Last night’s election results have left many online speculating about the future of digital policies in Canada. I think it is hard to project precisely what will happen – we don’t even know for certain whether Tony Clement and James Moore will remain in their portfolios or move elsewhere (there are a fair number of open cabinet positions which could mean changes). Assuming they stay the course, however, the Conservative positions on digital policies are strong in a number of areas.
For example, a majority may pave the way for opening up the Canadian telecom market, which would be a welcome change. The Conservatives have focused consistently on improving Canadian competition and opening the market is the right place to start to address both Internet access (including UBB) and wireless services. The Conservatives have a chance to jump on some other issues such as following through on the digital economy strategy and ending the Election Act rules that resulted in the Twitter ban last night. They are also solidly against a number of really bad proposals – an iPod tax, new regulation of Internet video providers such as Netflix – and their majority government should put an end to those issues for the foreseeable future.
On copyright and privacy, it is more of a mixed bag.
The copyright bill is – as I described at its introduction last June – flawed but fixable. I realize that it may be reintroduced unchanged (the Wikileaks cables are not encouraging), but with the strength of a majority, there is also the strength to modify some of the provisions including the digital lock rules. Clement spoke regularly about the willingness to consider amendments and the Conservative MPs on the Bill C-32 committee were very strong. If the U.S. has exceptions for unlocking DVDs and a full fair use provision, surely Canada can too.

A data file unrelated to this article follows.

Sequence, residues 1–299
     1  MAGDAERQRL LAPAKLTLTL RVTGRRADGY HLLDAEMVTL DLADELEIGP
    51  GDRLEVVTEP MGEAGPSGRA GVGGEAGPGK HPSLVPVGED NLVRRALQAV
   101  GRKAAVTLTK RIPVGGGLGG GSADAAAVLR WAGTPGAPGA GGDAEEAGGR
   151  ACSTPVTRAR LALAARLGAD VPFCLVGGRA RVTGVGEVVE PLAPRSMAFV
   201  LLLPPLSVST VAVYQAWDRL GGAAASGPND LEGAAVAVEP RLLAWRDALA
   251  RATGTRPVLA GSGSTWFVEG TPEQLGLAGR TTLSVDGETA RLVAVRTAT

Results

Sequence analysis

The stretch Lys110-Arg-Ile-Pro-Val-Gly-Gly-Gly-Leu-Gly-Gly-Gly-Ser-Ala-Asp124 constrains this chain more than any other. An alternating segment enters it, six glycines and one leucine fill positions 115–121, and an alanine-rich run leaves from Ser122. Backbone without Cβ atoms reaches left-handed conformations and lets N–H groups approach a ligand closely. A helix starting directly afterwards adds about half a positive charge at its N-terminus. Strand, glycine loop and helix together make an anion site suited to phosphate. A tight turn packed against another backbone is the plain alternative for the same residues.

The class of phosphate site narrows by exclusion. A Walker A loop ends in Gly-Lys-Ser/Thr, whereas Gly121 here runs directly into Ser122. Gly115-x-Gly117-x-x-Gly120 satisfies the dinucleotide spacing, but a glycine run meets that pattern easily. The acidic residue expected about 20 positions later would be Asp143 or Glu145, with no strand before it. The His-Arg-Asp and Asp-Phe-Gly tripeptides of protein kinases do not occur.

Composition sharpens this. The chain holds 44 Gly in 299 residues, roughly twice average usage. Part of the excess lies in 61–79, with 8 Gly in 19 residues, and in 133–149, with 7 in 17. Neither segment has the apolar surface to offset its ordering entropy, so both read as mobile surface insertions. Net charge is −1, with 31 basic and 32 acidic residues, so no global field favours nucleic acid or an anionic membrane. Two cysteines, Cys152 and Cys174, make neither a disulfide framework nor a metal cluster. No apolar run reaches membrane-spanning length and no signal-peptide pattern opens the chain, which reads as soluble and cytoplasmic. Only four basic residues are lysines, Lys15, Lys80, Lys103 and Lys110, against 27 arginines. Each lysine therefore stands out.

The Conservatives are a good news, bad news story on privacy. A fairly good privacy bill died on the order paper that will hopefully be reintroduced as it included mandatory security breach notification requirements. There will be a PIPEDA review this year and the prospect of tougher penalties for privacy violations is certainly possible. Much more troubling is the lawful access package which raises major civil liberties concerns and could be placed on the fast track.
As for the opposition, the NDP has been the most outspoken on issues such as UBB and net neutrality. Charlie Angus will now be joined by many new MPs – Andrew Cash and Peggy Nash both come immediately to mind – who have experience on copyright and other issues. The end of the Bloc is great news on digital files as it was the Bloc, more than any other party, that promoted ISP levies, iPod levies, and a range of other new copyright fees. The Liberals put forward some good positions on digital issues and some proponents such as Marc Garneau survived last night (Dan McTeague, who seemed to speak more for CRIA than any MP from any party, and Pablo Rodriguez, did not).
While there will undoubtedly be wins and losses, the majority offers the opportunity to move away from years of policies driven by politics where little actually becomes law to one driven by policy that results in true legal reform. Given the last seven years of minority Liberal and Conservative governments that achieved so little on digital policies, the chance to get something done probably represents the biggest change of all.